• jackson

    If you take random pics of crowds you will see some people squinting as they look at someone else. This lady is a real victim case. “Wah wah. Poor me.”

  • Rebecca

    I agree with past commenters, if you have a camera ready, people will react, either like the cops wanting to have fun or people who are curious as to why this woman is being photographed. Conceptually, it could stronger; however, visually it’s nice.

  • G

    Either way, there’s no excuse to being obese. Eat healthily and exercise just like the rest of us. What a weird chick with a victim mentality. People casting a glance at her isn’t’ really “judging”.

    • prideofmice

      This artist suffers hypothyroidism and eats healthily, it’s nothing to do with her over eating. There are lots of stereotypes attached to obesity.

      • jackson

        That is not true. Hypothyroidism does not cause obesity. Thyroid medicine like Levoxyl renders a person essentially completely healthy when taken daily. It appears she is just a lazy, fat, woman with a victim mentality who is trying to attack the world as “bad” or “wrong” with her art. She is quite offensive.

      • cal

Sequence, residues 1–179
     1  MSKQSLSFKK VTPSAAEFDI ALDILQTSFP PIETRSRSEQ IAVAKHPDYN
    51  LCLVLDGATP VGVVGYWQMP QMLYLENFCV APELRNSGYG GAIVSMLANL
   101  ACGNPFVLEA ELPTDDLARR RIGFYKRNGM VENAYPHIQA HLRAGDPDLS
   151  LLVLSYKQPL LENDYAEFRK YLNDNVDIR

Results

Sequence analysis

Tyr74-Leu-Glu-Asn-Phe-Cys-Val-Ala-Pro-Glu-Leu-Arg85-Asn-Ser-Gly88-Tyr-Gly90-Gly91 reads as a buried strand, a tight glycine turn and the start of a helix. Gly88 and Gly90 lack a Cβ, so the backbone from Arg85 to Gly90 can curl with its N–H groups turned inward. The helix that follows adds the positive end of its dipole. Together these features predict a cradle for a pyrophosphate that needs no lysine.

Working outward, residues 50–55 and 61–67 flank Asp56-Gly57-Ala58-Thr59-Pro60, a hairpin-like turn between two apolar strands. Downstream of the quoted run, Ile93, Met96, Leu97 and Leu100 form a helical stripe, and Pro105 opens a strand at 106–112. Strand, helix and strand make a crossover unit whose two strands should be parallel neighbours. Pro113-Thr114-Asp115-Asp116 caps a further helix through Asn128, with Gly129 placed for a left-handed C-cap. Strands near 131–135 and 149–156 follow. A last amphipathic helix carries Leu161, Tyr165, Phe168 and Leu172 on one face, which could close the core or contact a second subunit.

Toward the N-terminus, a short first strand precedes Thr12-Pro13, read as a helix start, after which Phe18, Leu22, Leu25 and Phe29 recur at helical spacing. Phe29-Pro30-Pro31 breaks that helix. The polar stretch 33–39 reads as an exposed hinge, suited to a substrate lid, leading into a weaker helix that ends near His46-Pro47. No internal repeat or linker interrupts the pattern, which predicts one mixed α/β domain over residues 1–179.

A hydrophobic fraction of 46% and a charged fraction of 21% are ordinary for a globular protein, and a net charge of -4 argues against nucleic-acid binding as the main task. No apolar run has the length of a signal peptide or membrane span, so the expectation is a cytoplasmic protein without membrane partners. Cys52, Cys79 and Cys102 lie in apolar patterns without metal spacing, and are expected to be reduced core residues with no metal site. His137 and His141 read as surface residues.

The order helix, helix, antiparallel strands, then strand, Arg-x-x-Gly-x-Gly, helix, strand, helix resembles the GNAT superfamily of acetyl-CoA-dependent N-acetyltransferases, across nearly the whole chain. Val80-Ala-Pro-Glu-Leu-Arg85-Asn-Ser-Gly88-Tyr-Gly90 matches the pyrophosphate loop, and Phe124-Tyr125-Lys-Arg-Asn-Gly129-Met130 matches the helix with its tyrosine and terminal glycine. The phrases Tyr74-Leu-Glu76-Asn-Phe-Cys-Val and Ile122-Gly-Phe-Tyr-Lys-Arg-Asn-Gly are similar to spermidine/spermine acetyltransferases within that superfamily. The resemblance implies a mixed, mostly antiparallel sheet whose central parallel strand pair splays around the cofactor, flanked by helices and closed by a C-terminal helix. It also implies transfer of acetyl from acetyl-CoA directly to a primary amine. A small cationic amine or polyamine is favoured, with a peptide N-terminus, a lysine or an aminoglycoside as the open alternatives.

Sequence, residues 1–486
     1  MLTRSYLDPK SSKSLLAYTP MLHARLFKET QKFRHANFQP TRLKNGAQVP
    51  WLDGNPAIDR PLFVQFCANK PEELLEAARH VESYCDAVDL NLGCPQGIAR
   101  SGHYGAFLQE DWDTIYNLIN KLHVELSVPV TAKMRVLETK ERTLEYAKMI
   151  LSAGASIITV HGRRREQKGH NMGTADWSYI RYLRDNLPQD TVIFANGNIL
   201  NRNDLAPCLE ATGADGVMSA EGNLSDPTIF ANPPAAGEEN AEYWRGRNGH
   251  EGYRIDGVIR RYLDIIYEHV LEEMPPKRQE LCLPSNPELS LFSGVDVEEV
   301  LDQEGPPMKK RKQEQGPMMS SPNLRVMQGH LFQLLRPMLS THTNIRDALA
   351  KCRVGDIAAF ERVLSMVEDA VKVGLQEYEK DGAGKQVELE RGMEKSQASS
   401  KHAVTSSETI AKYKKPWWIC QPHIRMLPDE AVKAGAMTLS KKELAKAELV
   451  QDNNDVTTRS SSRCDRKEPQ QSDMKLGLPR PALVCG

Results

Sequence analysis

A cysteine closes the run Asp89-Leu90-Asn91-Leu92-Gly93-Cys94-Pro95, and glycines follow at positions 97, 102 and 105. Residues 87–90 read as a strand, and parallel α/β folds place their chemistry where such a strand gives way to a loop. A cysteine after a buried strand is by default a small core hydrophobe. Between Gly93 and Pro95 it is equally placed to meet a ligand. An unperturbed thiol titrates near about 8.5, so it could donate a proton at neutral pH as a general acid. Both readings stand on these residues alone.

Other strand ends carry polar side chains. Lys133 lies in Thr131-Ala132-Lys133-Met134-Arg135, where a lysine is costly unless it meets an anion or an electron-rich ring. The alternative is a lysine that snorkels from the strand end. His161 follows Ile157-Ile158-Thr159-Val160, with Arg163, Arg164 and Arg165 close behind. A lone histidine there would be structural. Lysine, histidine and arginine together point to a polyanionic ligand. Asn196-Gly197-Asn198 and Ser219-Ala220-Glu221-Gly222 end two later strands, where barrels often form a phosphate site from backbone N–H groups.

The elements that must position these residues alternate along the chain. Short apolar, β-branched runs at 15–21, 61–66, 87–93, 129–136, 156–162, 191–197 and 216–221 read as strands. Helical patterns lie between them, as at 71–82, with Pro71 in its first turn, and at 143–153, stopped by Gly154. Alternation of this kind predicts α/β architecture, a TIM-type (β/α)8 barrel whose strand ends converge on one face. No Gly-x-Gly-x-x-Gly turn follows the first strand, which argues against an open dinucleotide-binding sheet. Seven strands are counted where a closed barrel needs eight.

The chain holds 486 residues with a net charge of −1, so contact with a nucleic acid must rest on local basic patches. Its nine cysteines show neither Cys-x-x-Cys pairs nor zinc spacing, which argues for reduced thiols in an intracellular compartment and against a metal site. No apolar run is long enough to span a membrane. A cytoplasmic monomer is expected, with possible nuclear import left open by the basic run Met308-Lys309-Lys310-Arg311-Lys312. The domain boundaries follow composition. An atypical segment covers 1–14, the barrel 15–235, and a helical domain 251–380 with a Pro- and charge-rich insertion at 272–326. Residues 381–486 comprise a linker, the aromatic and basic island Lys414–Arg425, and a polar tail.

your offensive

    • Kate

      Actually no-one who is obese should have to excuse themselves to you. And who is “us”? And why should “we” feel superior because of the way we look and what that suggests about our lifestyles?

      • aeioou

        seriously! i can’t believe all the douchebaggery i’m reading here.

  • tunoestasbiendelacabeza

    personally, i think the photos are pretty cool.

    also, i can’t really understand why everyone suddenly gets really upset about this being “not real”. either you guys are going for “anyone could do this”, which is a pretty weak argument about art, or you’re just plain saying “fat shaming doesn’t exist”, which is rather problematic. jeez.

  • Ginger

    I think that the photographer is imagining more of these so-called sneers and looks. She does look sour and/or vacant in every picture; or is crossing thru the flow of the rest of the pedestrians, fumbling with things, holding a huge map, wearing a bad outfit and some of these people are merely observing the photographer. Would be nice to see her smile rather than looking so dour ….
    Yes, people stare at bigger-than -average people but I think these aren’t “all about her” in most of these examples.

  • http://www.booooooom.com/ Jeff Hamada

    its surprising to me how many people are actually angered by this project. a lot of the comments are being made under the assumption there is some sort of huge tripod or obvious setup (i’m not even sure where people are reading that it is a camera on a tripod with a self-timer? the self-timer especially makes no sense) but hypothetically if the photos are being shot by a friend, a person, it puts the “looks” from people into a different context. just my two cents.

  • http://www.facebook.com/JordaNakamura Jordan Nakamura